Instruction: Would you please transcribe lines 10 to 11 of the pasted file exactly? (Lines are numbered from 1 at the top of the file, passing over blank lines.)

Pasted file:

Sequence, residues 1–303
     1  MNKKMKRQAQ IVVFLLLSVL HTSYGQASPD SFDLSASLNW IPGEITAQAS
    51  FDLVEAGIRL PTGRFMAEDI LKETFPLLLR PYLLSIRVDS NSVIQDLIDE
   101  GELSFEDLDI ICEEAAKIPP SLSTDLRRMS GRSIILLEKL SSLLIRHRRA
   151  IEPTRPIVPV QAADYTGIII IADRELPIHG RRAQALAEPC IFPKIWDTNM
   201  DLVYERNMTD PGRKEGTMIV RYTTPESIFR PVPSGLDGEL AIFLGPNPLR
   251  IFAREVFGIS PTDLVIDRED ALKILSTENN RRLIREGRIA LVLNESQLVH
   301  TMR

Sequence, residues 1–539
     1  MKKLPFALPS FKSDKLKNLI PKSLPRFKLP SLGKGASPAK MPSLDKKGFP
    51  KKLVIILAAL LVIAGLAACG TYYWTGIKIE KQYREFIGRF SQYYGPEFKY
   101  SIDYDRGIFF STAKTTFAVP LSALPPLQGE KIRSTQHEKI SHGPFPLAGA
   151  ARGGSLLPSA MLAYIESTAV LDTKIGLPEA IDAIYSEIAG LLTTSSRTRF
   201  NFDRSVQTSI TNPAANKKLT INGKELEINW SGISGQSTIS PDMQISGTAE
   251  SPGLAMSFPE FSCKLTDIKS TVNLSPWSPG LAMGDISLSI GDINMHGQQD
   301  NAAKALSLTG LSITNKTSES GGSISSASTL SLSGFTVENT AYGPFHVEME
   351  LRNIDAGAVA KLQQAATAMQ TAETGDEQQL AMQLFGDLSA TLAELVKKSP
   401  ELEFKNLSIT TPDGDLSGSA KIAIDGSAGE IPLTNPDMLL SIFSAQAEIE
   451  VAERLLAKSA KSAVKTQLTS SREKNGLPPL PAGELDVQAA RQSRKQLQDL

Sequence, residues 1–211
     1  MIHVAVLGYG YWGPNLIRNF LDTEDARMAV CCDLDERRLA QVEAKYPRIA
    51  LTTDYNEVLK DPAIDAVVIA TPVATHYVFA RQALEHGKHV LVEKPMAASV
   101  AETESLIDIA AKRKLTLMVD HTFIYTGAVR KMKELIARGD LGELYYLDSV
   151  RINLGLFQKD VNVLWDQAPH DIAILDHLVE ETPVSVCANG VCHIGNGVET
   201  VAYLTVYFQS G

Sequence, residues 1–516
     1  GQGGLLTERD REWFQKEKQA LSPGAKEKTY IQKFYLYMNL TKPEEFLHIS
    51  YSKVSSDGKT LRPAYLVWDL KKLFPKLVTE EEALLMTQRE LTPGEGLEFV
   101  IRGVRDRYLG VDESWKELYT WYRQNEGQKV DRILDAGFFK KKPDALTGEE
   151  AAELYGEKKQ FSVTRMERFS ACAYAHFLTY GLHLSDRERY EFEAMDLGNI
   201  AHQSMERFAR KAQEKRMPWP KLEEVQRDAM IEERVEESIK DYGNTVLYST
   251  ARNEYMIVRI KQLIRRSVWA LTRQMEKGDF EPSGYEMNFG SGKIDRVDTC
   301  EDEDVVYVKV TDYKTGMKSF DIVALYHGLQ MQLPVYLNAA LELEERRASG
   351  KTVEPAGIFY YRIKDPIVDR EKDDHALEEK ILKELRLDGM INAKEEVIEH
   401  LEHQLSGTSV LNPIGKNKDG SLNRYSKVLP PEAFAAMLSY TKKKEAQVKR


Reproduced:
     1  MKKLPFALPS FKSDKLKNLI PKSLPRFKLP SLGKGASPAK MPSLDKKGFP
    51  KKLVIILAAL LVIAGLAACG TYYWTGIKIE KQYREFIGRF SQYYGPEFKY